This works surprisingly well on hardware with >= 16 cores with the innodb_thread_concurrency set to the number of cores on the hardware. For read-write loads it works well on 8 core hardware too but has issues on 8 core hardware for Sysbench read-only tests. This last issue is under investigation.

Below you can find charts for results obtained on two boxes with 8 and 24 cores. These results highlight difference between two cases –  innodb_thread_concurrency=0 and innodb_thread_concurrency=<N_CPU> along with innodb_adaptive_sleep_delay=1

box1:  8 cores(2.33GHz)/16GB/RAID10
box2: 24 cores(2.66Ghz)/32GB/RAID10
MySQL 5.6.3 – lab-release
sysbench-0.4(https://launchpad.net/sysbench/0.4)
(You can find settings/test run details at the end of the post)


Conclusion

To use this new feature you simply set the innodb_thread_concurrency to the available number of cores and enable innodb_adaptive_sleep_delay and run your favourite benchmark software against it. As mentioned earlier there is an issue with RO tests on 8 core hardware, this issue is being looked at. If there is an easy way (and fast) way to make it starvation free then that will be added. However, it performs quite well in RW tests. Your feedback is important to fine tune this feature, please do share with us.

MySQL/sysbench settings
[mysqld]
innodb_status_file=0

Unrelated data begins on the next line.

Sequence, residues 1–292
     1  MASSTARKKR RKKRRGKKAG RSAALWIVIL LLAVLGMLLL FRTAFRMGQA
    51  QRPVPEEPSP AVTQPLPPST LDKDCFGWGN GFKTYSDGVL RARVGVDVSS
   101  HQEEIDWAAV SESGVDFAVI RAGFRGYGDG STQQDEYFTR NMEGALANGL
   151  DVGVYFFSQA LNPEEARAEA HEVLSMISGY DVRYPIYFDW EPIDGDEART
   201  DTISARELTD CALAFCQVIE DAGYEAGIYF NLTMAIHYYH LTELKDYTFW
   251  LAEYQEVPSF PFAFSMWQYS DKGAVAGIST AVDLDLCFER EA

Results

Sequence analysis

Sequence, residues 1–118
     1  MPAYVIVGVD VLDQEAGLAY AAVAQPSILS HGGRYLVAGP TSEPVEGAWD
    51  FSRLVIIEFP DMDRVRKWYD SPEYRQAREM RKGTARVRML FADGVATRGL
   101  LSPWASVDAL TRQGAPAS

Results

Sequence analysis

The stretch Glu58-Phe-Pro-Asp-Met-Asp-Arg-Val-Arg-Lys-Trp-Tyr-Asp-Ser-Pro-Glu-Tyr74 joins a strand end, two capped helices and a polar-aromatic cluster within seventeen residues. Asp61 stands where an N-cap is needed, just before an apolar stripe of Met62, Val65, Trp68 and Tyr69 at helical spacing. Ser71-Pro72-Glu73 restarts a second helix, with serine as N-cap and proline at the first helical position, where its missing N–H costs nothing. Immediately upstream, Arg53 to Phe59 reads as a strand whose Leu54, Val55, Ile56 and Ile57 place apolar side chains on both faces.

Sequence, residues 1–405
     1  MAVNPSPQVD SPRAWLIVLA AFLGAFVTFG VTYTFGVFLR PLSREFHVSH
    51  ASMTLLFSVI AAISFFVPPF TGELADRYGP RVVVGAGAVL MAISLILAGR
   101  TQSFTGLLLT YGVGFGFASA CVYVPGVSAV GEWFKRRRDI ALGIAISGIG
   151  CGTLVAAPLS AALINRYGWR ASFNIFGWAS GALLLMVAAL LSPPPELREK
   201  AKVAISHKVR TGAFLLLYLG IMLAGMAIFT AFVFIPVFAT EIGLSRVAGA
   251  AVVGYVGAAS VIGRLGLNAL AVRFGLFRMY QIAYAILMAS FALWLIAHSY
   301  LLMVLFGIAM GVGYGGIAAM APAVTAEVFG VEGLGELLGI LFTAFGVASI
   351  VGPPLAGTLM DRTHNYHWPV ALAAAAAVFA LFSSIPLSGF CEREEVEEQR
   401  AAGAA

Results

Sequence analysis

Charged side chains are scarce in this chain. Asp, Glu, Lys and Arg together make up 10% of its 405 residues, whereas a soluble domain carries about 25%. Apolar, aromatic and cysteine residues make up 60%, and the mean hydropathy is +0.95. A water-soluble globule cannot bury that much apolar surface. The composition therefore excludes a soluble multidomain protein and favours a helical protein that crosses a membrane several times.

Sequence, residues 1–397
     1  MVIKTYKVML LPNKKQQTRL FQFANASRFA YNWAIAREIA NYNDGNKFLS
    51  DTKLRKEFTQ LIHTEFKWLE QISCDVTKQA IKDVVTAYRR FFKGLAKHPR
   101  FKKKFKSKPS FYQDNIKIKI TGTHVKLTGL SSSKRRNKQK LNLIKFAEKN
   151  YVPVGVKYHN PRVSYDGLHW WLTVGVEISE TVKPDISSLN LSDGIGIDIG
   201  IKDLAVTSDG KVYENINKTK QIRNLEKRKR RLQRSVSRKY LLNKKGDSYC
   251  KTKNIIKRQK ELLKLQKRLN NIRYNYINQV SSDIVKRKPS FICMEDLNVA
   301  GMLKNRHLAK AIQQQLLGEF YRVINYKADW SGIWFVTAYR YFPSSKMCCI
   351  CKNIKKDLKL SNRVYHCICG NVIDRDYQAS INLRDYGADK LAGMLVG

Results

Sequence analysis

innodb_data_file_path=ibdata1:100M:autoextend
innodb_buffer_pool_size=4G
innodb_log_file_size=100M
innodb_log_files_in_group=2
innodb_log_buffer_size=64M
innodb_flush_log_at_trx_commit=2
innodb_thread_concurrency=0
innodb_flush_method=O_DIRECT
user=root
port=3306
max_connections=2000
table_cache=2048
max_heap_table_size=64M
sort_buffer_size=64K
join_buffer_size=1M
tmp_table_size=64M
thread_cache=16
query_cache_type=0
query_cache_size=0
max_prepared_stmt_count=100000

cmd line for prepare:
sysbench –test=oltp –oltp-table-size=1000000 –oltp-dist-type=uniform \
–oltp-table-name=sbtest –mysql-user=root –mysql-db=sbtest \
–mysql-host=127.0.0.1 –mysql-port=3306 –mysql-table-engine=INNODB  prepare

cmd line for warmup:
mysql -uroot -h127.0.0.1 -P3306 -e’check table sbtest’

cmd line for run:
sysbench –num-threads=<16..1536> –test=oltp –oltp-table-size=1000000 \
–oltp-dist-type=uniform –oltp-table-name=sbtest  –report-interval=1 –forced-shutdown=1 \
–max-requests=0 –max-time=120 –mysql-host=127.0.0.1 \
–mysql-user=root –mysql-port=3306 –mysql-db=sbtest
–mysql-table-engine=INNODB  <test options(see below)> run

parameters for OLTP_RO test:
–oltp-read-only=on
parameters for OLTP_RW test:
–oltp-read-only=off
parameters for UPDATE_KEY test:
–oltp-test-mode=nontrx –oltp-nontrx-mode=update_key run
parameters for POINT_SELECT test:
–oltp-point-selects=1 –oltp-simple-ranges=0 –oltp-sum-ranges=0 \
–oltp-order-ranges=0 –oltp-distinct-ranges=0 –oltp-skip-trx=on –oltp-read-only=on
parameters for SELECT_SIMPLE_RANGES test:
–oltp-point-selects=0 –oltp-simple-ranges=1 –oltp-sum-ranges=0 \
–oltp-order-ranges=0 –oltp-distinct-ranges=0 –oltp-skip-trx=on –oltp-read-only=on
parameters for SELECT_SUM_RANGES test:
–oltp-point-selects=0 –oltp-simple-ranges=0 –oltp-sum-ranges=1 \
–oltp-order-ranges=0 –oltp-distinct-ranges=0 –oltp-skip-trx=on –oltp-read-only=on

This post was co-authored with Alexey Stroganov (a.k.a Ranger).